La Vita è Bella

Sunday, March 19, 2017

SmartThings, MyQ and Scala

SmartThings

Ever since I became a homeowner last year, I started to explore the IoT/home automation world.

The first IoT product I decided to purchase was Schlage Connect deadbolt. The only problem with it is that to use something more than passcode, I need to pair it with some home third-party automation hub.

After some research, I chose SmartThings in the end. It worked great with the Schlage deadbolt.

After the lock and the hub, the next step was garage door. The only garage door controller SmartThings "supports" out of the box is GD00Z-4, so I just bought that.

Besides basic functions (e.g. check status and open/close from your phone), SmartThings also provided routines and "SmartApps". SmartApps are the real gem here: besides the ones published on SmartThings' "Marketplace", you can also just use the developer site to write your own SmartApps (the developer platform is based on Groovy) and publish to yourself. Since it's just so easy to get code running, a lot of developers just don't bother to get their apps reviewed and published in the "Marketplace". Instead, they just share the source code, and anyone can just copy the code to their own developer console.

At first I found an app that can close the garage door after N minutes, and did some modifications so that it can send me a notification at 3 minutes, close the garage door at 5 minutes, and did a check again at 6 minutes to see if it's still open (because regulations, the remote closing of garage door could fail because of obstacles and things).

That's useful, but not really "smart". What I want is auto open the garage door when I'm driving home, and auto close it when I'm leaving.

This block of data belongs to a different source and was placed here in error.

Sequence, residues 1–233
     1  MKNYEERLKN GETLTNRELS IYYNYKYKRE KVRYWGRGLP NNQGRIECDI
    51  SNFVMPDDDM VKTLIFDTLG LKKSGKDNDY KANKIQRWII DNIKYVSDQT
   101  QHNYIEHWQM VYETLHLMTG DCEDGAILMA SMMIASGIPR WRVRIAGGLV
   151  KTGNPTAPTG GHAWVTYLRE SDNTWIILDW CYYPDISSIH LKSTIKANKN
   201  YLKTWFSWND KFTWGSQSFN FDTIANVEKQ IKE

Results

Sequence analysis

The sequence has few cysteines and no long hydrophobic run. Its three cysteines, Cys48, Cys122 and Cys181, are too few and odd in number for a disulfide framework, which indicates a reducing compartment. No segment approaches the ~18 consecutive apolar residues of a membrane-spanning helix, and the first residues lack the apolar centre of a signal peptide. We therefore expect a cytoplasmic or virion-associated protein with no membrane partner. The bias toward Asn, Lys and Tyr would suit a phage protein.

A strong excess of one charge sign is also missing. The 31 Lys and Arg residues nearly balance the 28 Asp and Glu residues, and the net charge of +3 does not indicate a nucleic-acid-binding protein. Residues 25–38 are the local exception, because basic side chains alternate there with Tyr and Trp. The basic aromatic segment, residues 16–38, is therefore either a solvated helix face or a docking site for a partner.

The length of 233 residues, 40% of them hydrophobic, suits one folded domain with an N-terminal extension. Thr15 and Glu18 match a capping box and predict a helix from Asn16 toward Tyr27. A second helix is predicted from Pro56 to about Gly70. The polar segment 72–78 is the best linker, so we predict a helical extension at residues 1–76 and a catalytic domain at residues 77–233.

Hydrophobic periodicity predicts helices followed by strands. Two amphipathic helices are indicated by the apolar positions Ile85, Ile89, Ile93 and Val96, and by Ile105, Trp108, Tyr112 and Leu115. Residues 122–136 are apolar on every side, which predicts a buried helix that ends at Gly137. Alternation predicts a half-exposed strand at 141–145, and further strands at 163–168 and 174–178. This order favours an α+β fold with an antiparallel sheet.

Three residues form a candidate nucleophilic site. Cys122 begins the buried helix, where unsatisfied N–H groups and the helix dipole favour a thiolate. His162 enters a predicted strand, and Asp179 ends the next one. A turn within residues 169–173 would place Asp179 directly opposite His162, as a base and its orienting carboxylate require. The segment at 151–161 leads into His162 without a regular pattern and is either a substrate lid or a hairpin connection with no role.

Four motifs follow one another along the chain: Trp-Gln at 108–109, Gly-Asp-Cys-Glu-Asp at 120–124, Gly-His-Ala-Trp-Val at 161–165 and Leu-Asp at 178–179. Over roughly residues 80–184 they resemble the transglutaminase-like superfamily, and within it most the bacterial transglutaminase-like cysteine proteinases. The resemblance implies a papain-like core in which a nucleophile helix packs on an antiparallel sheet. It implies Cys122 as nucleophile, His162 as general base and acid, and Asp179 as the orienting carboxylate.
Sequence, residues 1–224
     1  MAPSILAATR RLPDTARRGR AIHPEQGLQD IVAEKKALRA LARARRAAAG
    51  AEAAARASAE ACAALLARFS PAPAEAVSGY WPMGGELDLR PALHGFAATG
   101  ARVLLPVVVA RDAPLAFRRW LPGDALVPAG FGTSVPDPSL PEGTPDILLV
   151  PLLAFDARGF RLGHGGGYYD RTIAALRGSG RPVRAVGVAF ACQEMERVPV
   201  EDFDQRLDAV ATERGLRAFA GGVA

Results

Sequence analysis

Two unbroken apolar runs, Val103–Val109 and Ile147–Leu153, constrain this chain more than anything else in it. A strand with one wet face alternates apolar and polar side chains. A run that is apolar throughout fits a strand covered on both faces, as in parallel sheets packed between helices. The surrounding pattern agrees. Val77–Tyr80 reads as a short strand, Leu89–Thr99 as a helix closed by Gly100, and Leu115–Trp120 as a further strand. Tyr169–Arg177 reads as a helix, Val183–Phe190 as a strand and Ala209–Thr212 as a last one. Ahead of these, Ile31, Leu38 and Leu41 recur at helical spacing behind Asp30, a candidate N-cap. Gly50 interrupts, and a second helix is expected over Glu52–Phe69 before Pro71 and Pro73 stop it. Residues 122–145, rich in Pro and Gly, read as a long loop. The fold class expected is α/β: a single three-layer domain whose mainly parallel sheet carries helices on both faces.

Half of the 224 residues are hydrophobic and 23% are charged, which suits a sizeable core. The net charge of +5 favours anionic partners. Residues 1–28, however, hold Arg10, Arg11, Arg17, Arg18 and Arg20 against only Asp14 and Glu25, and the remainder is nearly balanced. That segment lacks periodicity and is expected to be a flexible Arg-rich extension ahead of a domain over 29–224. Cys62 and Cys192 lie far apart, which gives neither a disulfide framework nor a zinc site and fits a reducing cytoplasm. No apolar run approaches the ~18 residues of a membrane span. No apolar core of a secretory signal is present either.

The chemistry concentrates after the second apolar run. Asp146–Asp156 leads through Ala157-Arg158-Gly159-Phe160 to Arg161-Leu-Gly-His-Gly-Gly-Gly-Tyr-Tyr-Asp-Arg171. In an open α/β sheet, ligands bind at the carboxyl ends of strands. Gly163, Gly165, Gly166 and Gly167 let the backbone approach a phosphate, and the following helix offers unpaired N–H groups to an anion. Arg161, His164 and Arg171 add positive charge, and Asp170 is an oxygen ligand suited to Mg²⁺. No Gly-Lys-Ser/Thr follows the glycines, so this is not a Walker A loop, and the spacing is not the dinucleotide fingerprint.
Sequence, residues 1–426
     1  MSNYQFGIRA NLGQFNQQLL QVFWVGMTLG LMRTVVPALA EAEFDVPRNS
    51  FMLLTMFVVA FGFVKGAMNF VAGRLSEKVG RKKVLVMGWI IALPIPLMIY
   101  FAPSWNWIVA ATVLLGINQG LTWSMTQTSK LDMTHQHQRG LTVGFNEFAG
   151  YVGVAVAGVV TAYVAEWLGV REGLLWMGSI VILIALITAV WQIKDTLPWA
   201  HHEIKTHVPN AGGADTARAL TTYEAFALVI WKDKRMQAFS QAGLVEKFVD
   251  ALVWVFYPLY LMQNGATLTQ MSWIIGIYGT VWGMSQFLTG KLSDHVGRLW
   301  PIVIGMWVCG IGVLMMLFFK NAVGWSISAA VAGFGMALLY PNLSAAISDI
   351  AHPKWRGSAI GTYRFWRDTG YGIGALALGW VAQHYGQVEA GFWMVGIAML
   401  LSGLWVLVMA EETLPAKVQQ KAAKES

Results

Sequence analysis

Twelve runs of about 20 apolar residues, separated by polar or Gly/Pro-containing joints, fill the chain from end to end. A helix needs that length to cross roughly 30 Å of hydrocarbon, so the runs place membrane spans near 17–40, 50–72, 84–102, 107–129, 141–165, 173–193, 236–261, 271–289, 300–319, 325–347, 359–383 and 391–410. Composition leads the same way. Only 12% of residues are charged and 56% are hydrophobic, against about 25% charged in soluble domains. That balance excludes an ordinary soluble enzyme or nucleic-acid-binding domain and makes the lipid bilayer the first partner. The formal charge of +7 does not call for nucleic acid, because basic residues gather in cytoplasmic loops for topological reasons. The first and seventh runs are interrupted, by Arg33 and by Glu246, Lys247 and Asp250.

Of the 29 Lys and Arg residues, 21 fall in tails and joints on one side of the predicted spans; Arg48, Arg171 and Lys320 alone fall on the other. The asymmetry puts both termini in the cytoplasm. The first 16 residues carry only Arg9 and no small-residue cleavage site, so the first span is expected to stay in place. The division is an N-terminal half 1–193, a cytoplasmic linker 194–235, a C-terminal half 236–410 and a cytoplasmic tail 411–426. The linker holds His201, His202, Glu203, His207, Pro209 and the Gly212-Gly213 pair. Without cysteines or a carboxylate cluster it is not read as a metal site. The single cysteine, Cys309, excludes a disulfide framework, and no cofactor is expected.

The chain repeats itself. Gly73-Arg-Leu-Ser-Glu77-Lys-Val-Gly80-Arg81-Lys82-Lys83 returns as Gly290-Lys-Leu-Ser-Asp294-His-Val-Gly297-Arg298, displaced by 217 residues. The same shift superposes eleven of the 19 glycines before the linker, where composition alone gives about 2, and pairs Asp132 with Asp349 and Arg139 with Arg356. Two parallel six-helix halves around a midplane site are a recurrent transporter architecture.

So I purchased an Arrival Sensor to put in my car, and starting to write my own SmartApp.

This should quite simple, right? Just open the garage door when the arrival sensor's status changed from leave to present, and close the garage door when the arrival sensor's status changed from present to leave. That's what I did initially, and that worked great. At least for a while.

Until one day, the arrival sensor just went haywire, starting to flipping status randomly, while it's physically in my garage, unmoved. That caused my garage door to open unexpected.

So I changed the code, added a condition that the auto open will only happen if it's more than N minutes after we last tried to auto close it. And that worked great. You know the catch, for a while, again.

One night it went haywire again, and this time it flips status on a longer interval -- longer than the 5 minutes I set on my version 2. My garage door opened several times that night.

So it's time for version 3. This time I changed the condition. Instead of only open it if it's N minutes after last close, I only auto open it after a true auto close -- defined as it really closed the garage door, or the garage door was already closed, but that's no longer than N minutes before the app tries to close it (for the case when I manually closed the garage door when leaving).

Version 3 worked great for several months now, I think this is the mature version. You can find the code on this gist.

MyQ

After I happily used my Presence and Garage Door SmartApp for a couple of months, one day the smart garage door controller just stopped working.

Looking at Amazon reviews, that seems to be a very common problem: A lot of users also had it suddenly stopped working after couple of months. The manufacturer didn't provide any warranty, instead they kicked the ball to the sellers. We contacted Amazon, and got full refund (as it's still within the first year).